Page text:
Chuck Thompson is not your typical travel writer, but his book Smile While You’re Lying made that abundantly clear. In this book, Thompson takes the issue of fear head on, traveling purposefully to places that few would consider vacation spots (albeit his last stop on this worldwide series of journeys). His travels to the Continent of Africa, the country of India, and the capital of Mexico (along with Walt Disney World, a section he titles “To Sneer or Not to Sneer?”) each provokes some type of underlying anxiety and other worldliness.
Africa and the Congo
For most travelers, even those among us who are considered well-seasoned and fearless, there’s something a little anxiety provoking about traveling to the Congo, the main stop on Thompson’s journey to Africa. Even shaking off the mystique of Joseph Conrad’s “Heart of Darkness,” there is plenty to fear: disease, war, corruption, and a general lack of infrastructure that makes even potable water a daily concern once one leaves the main cities.
Among the most annoying (but certainly not life threatening) problems in Congo is bribery. It’s rampant and soon becomes a factor in every move Thompson and his hired entourage make (in part a fact of daily life because of the meager resources, so that nearly every civil servant who can find a way to capitalize on a little side income takes full advantage).
Facing the fear and doing it anyway
However, the horrors one supposed (and which Thompson’s friends and family members warn against) never come to pass. That’s the lesson in all these places. There are certainly dicey situations, but far less than one might suppose for travels to lands known for their inherent danger.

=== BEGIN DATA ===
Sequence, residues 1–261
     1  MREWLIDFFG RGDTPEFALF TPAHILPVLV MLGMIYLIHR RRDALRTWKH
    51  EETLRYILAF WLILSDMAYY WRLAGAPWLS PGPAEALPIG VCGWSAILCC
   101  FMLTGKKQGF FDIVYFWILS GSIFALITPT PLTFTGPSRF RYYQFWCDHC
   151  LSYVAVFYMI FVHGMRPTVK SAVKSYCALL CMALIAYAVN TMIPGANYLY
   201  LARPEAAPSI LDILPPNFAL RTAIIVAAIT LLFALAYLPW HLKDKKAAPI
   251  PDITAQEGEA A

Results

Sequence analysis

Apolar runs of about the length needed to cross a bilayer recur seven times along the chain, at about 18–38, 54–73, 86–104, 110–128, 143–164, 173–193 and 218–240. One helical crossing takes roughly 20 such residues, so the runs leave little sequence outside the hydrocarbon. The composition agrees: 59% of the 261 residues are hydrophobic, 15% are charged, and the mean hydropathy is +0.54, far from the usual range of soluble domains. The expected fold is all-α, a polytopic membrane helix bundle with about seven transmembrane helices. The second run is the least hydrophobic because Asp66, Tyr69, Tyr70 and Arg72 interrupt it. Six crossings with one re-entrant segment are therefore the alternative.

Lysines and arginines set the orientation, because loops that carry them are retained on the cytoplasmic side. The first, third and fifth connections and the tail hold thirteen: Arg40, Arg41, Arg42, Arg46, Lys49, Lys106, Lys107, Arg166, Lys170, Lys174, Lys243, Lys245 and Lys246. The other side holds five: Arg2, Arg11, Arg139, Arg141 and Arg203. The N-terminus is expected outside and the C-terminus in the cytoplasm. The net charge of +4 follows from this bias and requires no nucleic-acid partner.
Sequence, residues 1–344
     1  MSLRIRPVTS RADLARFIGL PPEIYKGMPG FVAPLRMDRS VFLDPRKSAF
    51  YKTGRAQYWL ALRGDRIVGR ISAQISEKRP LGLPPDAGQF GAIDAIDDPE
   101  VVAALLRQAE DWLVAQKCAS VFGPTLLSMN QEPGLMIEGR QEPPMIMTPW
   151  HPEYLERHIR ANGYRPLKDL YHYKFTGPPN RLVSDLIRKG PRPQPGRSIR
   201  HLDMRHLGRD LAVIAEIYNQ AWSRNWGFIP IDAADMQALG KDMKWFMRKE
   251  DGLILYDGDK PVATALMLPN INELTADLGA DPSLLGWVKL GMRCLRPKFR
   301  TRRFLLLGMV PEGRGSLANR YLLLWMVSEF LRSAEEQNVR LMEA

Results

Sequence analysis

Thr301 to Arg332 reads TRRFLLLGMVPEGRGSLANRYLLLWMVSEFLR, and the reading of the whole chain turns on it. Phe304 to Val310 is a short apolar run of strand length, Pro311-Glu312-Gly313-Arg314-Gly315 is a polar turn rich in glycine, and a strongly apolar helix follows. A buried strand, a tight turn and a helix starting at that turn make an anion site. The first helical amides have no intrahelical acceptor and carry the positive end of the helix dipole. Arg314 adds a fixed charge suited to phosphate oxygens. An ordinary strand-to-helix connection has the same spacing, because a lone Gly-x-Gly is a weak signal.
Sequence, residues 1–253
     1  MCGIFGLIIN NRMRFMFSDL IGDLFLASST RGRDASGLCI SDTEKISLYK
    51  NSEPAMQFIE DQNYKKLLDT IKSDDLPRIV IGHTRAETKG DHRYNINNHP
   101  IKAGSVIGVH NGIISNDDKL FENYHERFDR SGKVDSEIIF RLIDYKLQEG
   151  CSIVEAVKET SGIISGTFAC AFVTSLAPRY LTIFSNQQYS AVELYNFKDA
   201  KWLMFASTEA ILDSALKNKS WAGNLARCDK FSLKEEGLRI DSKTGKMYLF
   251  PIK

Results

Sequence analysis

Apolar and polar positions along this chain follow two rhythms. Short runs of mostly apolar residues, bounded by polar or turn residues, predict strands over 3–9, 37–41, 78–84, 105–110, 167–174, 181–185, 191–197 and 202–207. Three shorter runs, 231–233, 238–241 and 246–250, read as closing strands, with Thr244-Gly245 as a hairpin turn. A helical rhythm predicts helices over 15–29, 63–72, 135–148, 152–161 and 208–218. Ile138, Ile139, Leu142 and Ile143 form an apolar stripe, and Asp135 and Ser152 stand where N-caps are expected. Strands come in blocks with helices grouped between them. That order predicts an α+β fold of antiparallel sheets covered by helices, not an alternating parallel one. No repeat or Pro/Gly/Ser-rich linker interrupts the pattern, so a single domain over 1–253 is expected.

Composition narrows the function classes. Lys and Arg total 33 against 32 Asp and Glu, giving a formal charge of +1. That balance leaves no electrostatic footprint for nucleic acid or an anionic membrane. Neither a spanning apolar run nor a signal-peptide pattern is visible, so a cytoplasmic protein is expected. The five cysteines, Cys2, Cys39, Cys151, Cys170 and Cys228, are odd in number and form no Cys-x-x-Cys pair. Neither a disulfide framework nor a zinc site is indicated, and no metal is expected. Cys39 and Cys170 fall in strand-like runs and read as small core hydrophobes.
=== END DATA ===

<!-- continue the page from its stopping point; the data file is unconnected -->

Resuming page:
In part, one can blame the sensationalist media, but travelers also have to look at themselves and the travel industry generally (a point well made in his first book, Smile While You’re Lying). Do any of these places reflect the essence of what ideas have been pre-ordained and spouted over and over again in government warnings and media stories? Is Mexico City any more dangerous than Los Angeles or Detroit or Chicago (my own hometown)?
Embracing the unknown
The unknown and what we (the public) have been told doesn’t always match up with the reality, Thompson so ably demonstrates. Sure there needs to be caution in certain situations, but one can say that about everyday life, too. The larger point that Thompson makes so entertainingly is that travel removes the barriers to understanding. Whether its our own snobbish superiority (at the happiest place on earth, Disney) or creeping anxiety about adapting to unfamiliar cultures (like India) or blatant fear of becoming a victim of crime (Mexico City), travel has a way of melting away the images seared in our minds and very often replacing them with something totally unexpected. That is its magic.